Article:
Cooking is hard work that's often hard to be passionate about. Yet, once programmer Brett Terpstra started seeing the similarities to coding, the whole process became a lot more interesting. Photo by Robert Couse-Baker.
This idea's not necessarily a new one, but Terpstra's blog post is a fun read, especially if you've always found cooking to be a chore. Here's one example of the parallels:
Sites like Yummly have quickly become my GitHub for cooking. I can download and run a recipe, see the results, and in the process of executing the recipe code, I learn how each part works.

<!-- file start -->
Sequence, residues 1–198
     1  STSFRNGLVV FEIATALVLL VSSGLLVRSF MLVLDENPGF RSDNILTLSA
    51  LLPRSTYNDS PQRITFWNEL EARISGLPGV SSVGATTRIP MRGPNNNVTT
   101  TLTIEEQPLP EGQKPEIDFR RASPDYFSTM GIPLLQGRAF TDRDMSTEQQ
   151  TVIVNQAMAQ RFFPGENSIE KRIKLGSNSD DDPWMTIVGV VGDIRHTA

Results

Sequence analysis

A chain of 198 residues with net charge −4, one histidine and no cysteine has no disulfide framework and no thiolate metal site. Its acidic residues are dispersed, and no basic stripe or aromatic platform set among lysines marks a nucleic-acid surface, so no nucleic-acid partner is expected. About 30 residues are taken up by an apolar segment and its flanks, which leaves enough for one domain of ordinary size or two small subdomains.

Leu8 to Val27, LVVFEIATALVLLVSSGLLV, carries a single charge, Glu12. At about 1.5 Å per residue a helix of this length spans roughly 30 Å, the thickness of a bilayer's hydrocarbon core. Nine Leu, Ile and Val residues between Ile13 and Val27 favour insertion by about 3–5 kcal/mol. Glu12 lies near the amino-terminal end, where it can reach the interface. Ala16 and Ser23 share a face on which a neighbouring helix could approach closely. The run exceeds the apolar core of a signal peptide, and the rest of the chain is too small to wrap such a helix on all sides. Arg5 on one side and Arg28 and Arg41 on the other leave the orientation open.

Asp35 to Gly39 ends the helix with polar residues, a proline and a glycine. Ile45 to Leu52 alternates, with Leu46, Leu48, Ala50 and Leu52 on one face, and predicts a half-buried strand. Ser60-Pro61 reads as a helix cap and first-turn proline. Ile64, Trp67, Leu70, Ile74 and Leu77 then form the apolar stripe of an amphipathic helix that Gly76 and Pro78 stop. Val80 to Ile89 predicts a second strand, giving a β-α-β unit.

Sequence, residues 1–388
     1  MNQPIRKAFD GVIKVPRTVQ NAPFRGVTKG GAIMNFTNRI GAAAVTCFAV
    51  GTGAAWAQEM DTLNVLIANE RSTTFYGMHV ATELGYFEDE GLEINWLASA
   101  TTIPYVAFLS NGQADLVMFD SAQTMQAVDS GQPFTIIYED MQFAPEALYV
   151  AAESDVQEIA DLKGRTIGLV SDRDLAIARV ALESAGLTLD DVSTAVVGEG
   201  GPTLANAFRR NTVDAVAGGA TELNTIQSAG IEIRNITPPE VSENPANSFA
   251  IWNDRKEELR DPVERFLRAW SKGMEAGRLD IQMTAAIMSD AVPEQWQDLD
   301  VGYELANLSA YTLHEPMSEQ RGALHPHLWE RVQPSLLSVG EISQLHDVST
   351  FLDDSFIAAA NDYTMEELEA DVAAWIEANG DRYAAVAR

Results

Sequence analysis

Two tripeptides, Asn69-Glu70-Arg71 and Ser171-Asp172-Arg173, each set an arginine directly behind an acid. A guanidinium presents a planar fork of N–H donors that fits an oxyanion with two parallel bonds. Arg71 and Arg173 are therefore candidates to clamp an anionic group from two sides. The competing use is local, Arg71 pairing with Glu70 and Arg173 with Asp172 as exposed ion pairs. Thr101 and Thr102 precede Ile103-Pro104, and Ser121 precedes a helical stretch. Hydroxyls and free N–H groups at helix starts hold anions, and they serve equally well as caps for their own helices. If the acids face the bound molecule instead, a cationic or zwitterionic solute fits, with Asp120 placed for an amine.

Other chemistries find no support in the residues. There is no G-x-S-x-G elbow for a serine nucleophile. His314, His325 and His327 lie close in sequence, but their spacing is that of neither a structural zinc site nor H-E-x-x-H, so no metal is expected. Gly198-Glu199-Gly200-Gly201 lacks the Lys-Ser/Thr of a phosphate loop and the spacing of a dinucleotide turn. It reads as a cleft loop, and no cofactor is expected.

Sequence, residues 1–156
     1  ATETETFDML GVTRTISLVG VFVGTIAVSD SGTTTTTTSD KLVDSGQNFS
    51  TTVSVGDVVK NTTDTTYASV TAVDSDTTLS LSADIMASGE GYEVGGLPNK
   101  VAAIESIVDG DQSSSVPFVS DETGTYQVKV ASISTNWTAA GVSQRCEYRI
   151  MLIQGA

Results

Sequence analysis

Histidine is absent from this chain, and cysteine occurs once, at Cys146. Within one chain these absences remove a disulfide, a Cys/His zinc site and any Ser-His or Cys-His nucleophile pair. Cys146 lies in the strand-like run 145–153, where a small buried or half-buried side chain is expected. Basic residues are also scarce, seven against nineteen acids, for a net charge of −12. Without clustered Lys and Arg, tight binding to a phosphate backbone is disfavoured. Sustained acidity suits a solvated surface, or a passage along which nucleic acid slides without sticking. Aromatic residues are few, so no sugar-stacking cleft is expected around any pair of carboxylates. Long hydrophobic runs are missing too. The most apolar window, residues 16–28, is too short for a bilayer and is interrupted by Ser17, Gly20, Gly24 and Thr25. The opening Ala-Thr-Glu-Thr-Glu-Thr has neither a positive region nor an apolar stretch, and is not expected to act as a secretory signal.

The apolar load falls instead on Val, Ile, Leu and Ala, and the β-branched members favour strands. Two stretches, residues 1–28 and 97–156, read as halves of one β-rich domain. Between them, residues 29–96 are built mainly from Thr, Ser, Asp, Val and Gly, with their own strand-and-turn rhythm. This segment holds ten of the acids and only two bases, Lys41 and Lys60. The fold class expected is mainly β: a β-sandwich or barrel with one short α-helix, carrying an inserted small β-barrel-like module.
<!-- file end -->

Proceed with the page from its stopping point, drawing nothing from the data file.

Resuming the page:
And like GitHub, you can copy and paste code, but you learn a lot more if you examine it, break it down, and then rebuild. Along the way you learn skills, syntaxes, and concepts that allow you to bend it to your will.
A single blog post won't necessarily insight a spontaneous love for cooking in any old coder out there, but the framework's a useful one for understanding the steps nonetheless.
Kitchen Coding [Brett Terpstra]